Improving Job Market

An annual survey of U.S. employers estimates hiring of college graduates will increase an average of 15% during 2015-16.

There’s good news for college graduates looking for a job:  Companies are hiring.

An annual survey of U.S. employers done by Michigan State University (MSU) estimates hiring will increase an average of 15% in 2015-16 for graduates with associate’s, bachelor’s, master’s or doctoral degrees.

The lead author of the survey, MSU economist Phil Gardner, credited the improved job market to company growth and employee turnover, much of it caused by people retiring. Even amid uncertain economic times, employers continue to turn to new graduates to fill vacancies and add positions.

Of the employers surveyed, more than half (56%) said turnover was a major reason why they are hiring, up 11% over last year. Nearly one-third (31%) said staff retirements are playing a role in their hiring decisions, up significantly from last year. About 10,000 Baby Boomers retire daily.

Now in its 45th year, the Recruiting Trends report surveys more than 4,700 employers nationwide in major industries. It shows that hiring for professional, business and scientific services jobs – accounting, information technology and environmental consulting, for example – will jump more than any other sector (38%). Hiring of finance and insurance jobs will increase 28%, and healthcare, social service, government and education jobs also will be in high demand.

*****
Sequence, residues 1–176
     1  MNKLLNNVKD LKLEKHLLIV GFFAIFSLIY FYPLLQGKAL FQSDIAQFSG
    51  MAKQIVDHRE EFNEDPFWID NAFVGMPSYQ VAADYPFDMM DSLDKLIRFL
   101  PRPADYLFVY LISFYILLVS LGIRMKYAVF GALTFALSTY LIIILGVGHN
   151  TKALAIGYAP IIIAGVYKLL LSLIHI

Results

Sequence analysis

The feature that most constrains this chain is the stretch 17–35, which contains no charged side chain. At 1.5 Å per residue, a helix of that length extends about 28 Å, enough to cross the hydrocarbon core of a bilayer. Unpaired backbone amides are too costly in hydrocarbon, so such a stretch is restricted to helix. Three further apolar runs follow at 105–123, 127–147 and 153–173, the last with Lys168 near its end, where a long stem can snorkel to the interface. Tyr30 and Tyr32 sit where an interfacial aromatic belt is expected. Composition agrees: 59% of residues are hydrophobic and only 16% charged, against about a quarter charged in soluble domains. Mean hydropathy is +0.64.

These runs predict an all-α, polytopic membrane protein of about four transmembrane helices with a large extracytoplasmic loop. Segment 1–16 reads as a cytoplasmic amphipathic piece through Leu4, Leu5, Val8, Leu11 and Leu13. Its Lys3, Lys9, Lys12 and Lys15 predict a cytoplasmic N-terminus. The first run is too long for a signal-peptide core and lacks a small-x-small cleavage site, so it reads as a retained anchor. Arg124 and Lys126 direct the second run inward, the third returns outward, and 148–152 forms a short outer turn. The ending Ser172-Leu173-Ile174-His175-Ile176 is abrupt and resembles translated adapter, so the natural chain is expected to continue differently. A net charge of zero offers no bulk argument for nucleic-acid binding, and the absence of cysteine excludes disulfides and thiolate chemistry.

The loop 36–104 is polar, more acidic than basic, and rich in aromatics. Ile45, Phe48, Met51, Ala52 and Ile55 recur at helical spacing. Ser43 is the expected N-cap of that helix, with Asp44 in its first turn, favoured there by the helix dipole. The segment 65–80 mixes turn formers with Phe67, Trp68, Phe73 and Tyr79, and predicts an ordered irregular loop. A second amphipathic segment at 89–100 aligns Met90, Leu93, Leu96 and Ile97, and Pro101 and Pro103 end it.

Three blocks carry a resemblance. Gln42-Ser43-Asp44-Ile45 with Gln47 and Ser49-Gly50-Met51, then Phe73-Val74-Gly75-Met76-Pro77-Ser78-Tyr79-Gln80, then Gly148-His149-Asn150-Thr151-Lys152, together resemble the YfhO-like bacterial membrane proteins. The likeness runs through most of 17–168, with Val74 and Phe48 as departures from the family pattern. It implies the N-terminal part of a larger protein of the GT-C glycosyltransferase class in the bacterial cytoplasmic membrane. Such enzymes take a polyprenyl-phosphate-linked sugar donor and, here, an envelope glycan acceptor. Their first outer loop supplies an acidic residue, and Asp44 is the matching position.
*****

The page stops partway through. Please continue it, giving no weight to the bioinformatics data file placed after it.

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Of the industries surveyed, just manufacturing showed a projected drop in hiring, mostly due to the global economic slowdown. However, some areas of manufacturing are expected to create new jobs, including those related to trucks and automobiles, computer and electronic products and surgical equipment. Even construction jobs, which vanished during the recession, are coming back.

Among recent grads seeking work, those with an associate’s or professional degree might find the most opportunities. Hiring of graduates with those degrees should jump about 23%, compared with 15% for those with bachelor’s degrees and 11% for with master’s degrees, the report found.

Still, job seekers who hold a college degree of any level can expect to find employers ready and eager to hire new talent for the growing number of positions available at their companies.

 

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